EcoHealth

, Volume 5, Issue 3, pp 371–378

Perceived Vaccination Status in Ecotourists and Risks of Anthropozoonoses

  • Michael P. Muehlenbein
  • Leigh Ann Martinez
  • Andrea A. Lemke
  • Laurentius Ambu
  • Senthilvel Nathan
  • Sylvia Alsisto
  • Patrick Andau
  • Rosman Sakong
Original Contributions

Abstract

Anthropozoonotic (human to nonhuman animal) transmission of infectious disease poses a significant threat to wildlife. A large proportion of travelers to tropical regions are not protected against vaccine-preventable illnesses, and a majority of these travelers demonstrate poor recall of actual vaccination status. Here we characterize self-perceived vaccination status among a large sample of ecotourists at the Sepilok Orangutan Rehabilitation Centre, Sabah, Malaysia. Despite their recognized travel itinerary to view endangered animals, tourists at wildlife sanctuaries are not adequately protected against vaccine-preventable illnesses. Of 633 surveys, over half reported being currently vaccinated against tuberculosis, hepatitis A, hepatitis B, polio, and measles. Fewer participants reported current vaccination status for influenza, rabies, and chickenpox. Despite the fact that the majority of visitors to Sepilok are from temperate regions where influenza is relatively more prevalent, 67.1% of those surveyed with medical-related occupations reported not being currently vaccinated for influenza. Ecotourists concerned about environmental protection are themselves largely unaware of their potential contribution to the spread of diseases to animals. The risks of negatively affecting animal populations must be communicated to all concerned parties, and this may begin by urging travelers to examine their actual vaccination status, particularly as the ecotourism industry continues its rapid expansion, and is seen increasingly as a possible tool to save great ape populations from extinction.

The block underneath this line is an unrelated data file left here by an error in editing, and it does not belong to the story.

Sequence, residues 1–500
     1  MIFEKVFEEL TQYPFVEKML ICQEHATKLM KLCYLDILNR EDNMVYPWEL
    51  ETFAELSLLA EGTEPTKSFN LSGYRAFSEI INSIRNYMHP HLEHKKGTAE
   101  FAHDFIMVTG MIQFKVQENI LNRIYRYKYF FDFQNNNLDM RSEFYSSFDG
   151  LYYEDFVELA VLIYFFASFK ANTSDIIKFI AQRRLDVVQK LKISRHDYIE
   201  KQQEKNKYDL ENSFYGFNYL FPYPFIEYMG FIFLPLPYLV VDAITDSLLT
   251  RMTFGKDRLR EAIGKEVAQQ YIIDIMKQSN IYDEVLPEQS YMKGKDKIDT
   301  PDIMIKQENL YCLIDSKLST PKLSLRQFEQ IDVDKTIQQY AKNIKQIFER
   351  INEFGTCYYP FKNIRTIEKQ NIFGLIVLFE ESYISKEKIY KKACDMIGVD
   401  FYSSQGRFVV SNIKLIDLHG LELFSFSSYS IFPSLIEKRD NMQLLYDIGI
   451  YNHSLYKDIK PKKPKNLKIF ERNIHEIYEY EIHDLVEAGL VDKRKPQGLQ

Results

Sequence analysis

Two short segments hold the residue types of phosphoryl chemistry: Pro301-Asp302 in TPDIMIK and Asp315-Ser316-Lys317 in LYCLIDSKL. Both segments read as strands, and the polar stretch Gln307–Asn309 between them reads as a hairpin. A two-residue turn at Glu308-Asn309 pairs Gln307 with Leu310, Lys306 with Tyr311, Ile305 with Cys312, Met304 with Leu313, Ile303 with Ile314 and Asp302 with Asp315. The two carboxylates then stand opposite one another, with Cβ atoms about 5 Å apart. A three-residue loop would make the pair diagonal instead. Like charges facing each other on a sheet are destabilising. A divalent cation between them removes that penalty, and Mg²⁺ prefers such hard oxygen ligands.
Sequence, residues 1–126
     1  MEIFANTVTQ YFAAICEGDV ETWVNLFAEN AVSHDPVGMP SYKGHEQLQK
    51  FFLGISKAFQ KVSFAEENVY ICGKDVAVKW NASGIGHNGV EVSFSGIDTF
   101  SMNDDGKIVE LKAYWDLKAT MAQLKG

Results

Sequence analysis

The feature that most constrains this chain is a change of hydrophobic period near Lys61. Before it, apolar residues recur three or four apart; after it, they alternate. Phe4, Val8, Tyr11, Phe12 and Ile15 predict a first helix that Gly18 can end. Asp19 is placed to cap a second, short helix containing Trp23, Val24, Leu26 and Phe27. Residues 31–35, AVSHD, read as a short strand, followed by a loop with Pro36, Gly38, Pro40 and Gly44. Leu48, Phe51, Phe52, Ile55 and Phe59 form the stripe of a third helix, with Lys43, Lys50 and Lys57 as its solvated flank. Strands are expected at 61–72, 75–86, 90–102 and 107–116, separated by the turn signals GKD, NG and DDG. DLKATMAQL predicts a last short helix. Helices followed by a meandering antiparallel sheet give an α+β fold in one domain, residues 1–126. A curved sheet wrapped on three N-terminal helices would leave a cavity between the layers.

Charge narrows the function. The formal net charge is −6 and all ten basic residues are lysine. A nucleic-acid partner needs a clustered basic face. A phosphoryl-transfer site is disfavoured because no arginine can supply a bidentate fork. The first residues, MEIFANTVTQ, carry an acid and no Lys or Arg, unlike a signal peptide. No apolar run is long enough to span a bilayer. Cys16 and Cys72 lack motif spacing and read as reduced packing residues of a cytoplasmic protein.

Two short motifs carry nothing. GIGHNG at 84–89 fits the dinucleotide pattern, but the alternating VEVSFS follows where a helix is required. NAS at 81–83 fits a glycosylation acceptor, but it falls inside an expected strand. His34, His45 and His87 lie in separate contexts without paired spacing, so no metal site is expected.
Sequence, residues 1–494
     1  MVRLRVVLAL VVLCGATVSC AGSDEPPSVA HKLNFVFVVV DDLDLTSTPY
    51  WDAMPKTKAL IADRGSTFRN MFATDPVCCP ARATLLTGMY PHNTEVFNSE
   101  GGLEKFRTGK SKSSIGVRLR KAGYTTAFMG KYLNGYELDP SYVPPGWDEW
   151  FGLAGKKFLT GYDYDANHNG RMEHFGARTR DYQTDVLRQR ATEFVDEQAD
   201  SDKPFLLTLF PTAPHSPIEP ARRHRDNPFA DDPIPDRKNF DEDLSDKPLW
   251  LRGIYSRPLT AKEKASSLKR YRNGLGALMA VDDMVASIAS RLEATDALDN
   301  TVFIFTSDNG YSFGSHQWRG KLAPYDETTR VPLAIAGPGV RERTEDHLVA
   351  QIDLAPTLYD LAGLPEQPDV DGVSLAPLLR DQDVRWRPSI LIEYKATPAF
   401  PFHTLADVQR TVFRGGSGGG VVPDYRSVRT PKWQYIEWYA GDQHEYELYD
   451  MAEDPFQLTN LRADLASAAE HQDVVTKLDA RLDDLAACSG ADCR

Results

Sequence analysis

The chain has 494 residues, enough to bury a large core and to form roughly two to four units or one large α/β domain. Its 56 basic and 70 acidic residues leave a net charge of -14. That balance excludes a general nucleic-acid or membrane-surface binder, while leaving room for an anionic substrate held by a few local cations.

Keywords

orangutan macaque Sepilok immunization zoonoses tourism zoonotic infection anthropozoonotic infection 

References

  1. Adams HR, Sleeman JM, Rwego I, New JC (2001) Self-reported medical history survey of humans as a measure of health risk to the chimpanzees (Pan troglodytes schweinfurthii) of Kibale National Park, Uganda. Oryx 35:308–312CrossRefGoogle Scholar
  2. Advisory Committee on Immunization Practices (2008) Recommended adult immunization schedule—United States, October 2007—September 2008. Morbidity and Mortality Weekly Report 56:Q1–Q4Google Scholar
  3. Ambu L (2007) Strategy of the Sabah Wildlife Department for wildlife conservation in Sabah. First International Conservation Conference in Sabah: the Quest for Gold Standards, Kota Kinabalu. Malaysia: Sabah Wildlife DepartmentGoogle Scholar